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House Republicans ousted Rep. Liz Cheney (R-Wyo.) as conference chair in a voice vote Wednesday, capping months of growing backlash over her criticisms of former President Trump, according to two sources in the room.

Why it matters: The stunning removal of the No. 3 House Republican over her condemnation of Trump's election lies reflects the influence the former president still retains over the GOP.

The big picture: The vote marks the most significant turning point in an internal party feud that is unlikely to subside any time soon.

  • A vote will be held Friday on Cheney's replacement, according to two sources familiar with the planning. Rep. Elise Stefanik (R-N.Y.) has received the endorsement of Trump, House GOP Leader Kevin McCarthy (R-Calif.), and Whip Steve Scalise (R-La.).
  • Stefanik wasted no time on Wednesday in formally launching her bid for the role. She sent a letter to the conference shortly after the vote announcing her official candidacy. She is currently the only candidate running.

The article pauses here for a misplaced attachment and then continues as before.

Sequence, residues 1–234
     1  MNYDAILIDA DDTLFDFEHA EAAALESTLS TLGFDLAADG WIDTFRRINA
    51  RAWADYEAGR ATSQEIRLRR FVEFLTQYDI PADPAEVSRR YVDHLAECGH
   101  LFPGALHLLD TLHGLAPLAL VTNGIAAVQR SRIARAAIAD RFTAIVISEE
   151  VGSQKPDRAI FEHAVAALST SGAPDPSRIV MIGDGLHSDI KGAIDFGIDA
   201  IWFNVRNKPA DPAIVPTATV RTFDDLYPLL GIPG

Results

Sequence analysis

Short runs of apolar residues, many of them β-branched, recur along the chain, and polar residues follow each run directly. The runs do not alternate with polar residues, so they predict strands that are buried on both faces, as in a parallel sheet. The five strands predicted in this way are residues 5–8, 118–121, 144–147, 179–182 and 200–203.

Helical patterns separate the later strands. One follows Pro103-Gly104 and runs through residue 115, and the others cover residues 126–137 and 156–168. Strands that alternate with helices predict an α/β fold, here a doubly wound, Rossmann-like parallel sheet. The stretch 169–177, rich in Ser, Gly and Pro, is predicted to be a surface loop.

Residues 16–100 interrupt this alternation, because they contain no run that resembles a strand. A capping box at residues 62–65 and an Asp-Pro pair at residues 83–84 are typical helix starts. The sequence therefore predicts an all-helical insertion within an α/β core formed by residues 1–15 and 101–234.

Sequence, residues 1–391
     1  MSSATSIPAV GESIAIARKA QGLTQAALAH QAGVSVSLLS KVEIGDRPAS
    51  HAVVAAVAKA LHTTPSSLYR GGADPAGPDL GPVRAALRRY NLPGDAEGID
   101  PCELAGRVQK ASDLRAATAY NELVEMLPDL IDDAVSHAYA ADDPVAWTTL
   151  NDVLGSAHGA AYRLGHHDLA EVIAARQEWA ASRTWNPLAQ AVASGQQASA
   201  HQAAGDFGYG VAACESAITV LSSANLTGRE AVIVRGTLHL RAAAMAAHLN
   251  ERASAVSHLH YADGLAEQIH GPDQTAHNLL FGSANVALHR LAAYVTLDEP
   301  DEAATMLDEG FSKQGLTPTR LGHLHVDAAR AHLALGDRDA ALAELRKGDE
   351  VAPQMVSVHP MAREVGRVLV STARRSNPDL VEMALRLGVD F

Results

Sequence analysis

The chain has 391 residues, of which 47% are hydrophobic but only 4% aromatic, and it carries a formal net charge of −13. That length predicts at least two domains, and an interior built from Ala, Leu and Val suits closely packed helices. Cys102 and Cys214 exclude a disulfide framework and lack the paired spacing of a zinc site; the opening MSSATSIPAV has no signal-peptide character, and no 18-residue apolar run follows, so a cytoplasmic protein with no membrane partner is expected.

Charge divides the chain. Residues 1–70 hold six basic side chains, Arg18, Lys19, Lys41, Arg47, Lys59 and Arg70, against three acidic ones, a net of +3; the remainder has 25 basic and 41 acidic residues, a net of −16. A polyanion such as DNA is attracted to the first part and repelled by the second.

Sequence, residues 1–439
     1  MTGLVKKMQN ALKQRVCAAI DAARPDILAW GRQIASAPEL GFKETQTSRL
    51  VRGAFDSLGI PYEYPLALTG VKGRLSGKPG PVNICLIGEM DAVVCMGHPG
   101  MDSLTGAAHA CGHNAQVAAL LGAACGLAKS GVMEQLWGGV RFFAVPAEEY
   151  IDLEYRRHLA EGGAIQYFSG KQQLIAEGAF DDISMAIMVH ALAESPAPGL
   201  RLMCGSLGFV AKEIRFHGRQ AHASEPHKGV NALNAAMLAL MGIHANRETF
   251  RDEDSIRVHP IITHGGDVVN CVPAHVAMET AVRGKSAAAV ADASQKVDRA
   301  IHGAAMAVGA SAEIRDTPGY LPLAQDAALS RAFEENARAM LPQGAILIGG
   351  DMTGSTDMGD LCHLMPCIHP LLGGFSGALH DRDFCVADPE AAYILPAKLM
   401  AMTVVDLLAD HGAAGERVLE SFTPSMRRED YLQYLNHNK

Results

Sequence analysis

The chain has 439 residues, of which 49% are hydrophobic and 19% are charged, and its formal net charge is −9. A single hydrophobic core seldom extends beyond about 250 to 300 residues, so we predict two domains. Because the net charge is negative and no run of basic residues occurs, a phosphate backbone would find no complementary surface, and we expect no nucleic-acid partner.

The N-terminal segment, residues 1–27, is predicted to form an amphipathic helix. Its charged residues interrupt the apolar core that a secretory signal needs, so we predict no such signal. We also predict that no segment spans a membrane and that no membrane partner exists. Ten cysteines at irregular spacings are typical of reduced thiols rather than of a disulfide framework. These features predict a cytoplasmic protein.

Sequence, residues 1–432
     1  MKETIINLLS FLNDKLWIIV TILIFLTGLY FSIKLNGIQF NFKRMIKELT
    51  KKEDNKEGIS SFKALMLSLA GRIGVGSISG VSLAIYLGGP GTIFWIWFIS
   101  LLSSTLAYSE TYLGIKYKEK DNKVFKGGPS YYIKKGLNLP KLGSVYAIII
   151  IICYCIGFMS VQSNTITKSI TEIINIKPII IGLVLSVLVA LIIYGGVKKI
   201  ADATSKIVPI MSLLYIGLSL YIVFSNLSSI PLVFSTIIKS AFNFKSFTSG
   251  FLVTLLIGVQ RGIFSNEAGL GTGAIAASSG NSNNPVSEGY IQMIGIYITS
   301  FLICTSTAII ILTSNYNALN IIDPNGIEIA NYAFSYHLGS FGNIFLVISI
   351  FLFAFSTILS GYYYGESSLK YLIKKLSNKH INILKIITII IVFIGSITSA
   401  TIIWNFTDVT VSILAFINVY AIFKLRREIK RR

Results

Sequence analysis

What we're hearing: Cheney now plans to lean even harder into her criticism of the former president and those she thinks are continuing to enable him — including McCarthy. She will fully embrace her role as chief Republican Trump critic and fighter for an alternative vision of the GOP’s future.

Behind the scenes: "I have tremendous affection and admiration for many of you in this room. I know we all came to Washington to do important work for the nation," Cheney told members at the start of the conference meeting, according to a source familiar with the remarks.

  • "We cannot let the former president drag us backward and make us complicit in his efforts to unravel our democracy. Down that path lies our destruction, and potentially the destruction of our country," she continued.
  • "If you want leaders who will enable and spread his destructive lies, I’m not your person, you have plenty of others to choose from. That will be their legacy."
Cheney speaking to reporters after the vote. Photo: Glen Johnson/Axios